False convictions of innocent people, and breakdowns in our criminal justice system, happen all too often. The city of Camden this year agreed to pay millions of dollars to 88 people wrongfully incarcerated for a combined 109 years due to police officers — some of whom are now sentenced to prison themselves — planting evidence and filing false reports. In New York, the Brooklyn District Attorney’s Office is reportedly looking at some 50 murder convictions from the 1980s and 1990s, after The New York Times revealed troubling patterns in the files of a now-retired detective. Historically, there have been just over 300 exonerations, probably only a fraction of the wrongful convictions.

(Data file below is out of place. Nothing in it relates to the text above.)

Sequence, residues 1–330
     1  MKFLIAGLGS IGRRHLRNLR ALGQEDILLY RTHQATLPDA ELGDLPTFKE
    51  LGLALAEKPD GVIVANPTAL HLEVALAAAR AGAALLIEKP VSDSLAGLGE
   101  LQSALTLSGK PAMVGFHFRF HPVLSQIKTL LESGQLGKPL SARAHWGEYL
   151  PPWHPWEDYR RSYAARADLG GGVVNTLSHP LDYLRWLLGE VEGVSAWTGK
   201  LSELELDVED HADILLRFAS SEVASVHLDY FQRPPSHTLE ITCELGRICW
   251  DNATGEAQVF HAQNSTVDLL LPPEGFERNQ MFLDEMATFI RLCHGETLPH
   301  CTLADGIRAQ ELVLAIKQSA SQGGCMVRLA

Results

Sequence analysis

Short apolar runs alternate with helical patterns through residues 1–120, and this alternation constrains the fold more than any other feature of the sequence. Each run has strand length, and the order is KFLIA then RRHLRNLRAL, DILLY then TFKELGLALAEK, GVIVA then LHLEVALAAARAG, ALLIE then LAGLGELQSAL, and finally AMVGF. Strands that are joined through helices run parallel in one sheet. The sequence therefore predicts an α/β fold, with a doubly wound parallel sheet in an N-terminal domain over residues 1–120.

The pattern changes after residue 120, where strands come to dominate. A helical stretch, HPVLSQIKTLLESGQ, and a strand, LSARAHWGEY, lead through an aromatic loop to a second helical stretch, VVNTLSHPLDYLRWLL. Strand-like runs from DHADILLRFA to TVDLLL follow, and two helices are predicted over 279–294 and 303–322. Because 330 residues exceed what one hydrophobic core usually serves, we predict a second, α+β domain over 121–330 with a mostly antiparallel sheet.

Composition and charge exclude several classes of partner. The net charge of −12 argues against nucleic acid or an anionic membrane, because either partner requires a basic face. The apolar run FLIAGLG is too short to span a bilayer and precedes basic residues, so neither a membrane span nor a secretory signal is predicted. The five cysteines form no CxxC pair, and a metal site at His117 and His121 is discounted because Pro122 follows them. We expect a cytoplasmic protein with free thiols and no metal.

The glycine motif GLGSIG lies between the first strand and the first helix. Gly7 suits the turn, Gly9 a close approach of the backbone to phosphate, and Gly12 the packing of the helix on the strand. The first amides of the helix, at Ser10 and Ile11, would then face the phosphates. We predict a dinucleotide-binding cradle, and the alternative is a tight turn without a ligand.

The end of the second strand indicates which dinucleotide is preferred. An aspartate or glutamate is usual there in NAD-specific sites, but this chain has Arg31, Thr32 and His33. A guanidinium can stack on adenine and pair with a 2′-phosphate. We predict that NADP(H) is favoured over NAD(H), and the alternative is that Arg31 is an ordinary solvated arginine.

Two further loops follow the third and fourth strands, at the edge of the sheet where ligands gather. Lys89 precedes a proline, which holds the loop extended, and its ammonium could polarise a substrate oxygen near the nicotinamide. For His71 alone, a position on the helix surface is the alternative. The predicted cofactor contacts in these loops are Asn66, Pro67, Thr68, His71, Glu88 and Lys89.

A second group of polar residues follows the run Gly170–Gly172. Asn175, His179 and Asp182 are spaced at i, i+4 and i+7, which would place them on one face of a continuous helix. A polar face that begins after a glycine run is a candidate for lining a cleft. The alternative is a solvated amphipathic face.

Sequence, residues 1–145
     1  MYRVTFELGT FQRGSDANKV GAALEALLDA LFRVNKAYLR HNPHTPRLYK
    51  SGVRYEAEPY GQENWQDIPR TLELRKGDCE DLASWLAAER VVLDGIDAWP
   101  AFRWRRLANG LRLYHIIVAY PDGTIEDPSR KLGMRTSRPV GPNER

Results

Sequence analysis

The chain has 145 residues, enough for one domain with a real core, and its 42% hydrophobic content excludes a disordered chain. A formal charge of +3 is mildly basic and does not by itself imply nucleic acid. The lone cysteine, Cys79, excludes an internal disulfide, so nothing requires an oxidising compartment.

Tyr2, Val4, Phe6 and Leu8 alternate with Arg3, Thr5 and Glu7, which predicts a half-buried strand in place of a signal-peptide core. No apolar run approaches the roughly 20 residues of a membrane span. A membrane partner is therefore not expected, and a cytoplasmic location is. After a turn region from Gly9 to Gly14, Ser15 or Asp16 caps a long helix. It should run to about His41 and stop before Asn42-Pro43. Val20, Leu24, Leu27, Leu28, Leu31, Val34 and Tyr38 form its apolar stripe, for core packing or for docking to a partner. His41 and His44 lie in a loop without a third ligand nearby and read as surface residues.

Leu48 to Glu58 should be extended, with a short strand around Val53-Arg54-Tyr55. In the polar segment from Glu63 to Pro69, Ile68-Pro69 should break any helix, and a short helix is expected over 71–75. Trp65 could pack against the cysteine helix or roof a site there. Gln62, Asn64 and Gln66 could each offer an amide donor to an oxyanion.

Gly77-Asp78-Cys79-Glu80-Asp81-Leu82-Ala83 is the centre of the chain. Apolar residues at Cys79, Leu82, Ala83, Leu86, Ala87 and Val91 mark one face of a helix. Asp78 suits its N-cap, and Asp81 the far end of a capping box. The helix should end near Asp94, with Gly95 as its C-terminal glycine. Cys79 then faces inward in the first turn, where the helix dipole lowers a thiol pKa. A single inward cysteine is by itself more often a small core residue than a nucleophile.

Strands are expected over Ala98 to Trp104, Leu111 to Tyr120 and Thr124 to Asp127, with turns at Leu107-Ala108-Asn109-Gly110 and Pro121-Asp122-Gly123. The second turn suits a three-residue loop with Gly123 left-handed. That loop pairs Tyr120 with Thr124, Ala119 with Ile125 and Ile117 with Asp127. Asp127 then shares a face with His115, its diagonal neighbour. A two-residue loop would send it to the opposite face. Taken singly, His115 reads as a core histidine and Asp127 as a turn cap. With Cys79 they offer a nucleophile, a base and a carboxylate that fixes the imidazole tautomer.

New Jersey has taken significant steps to avoid false convictions. Interrogations of persons charged with certain enumerated serious offenses when in places of detention must now be recorded. A 2012 Supreme Court committee report on out-of-court identification procedures for law enforcement led to revised model jury charges and a new rule requiring a contemporaneous record of identification procedures and, if feasible, electronic recordation.
State and federal law enforcement and prosecutors in New Jersey as a whole do wonderful work. Elimination of the imperfections in our criminal justice system is our shared goal and continued self-scrutiny is essential to its achievement. It is time for all of us to care.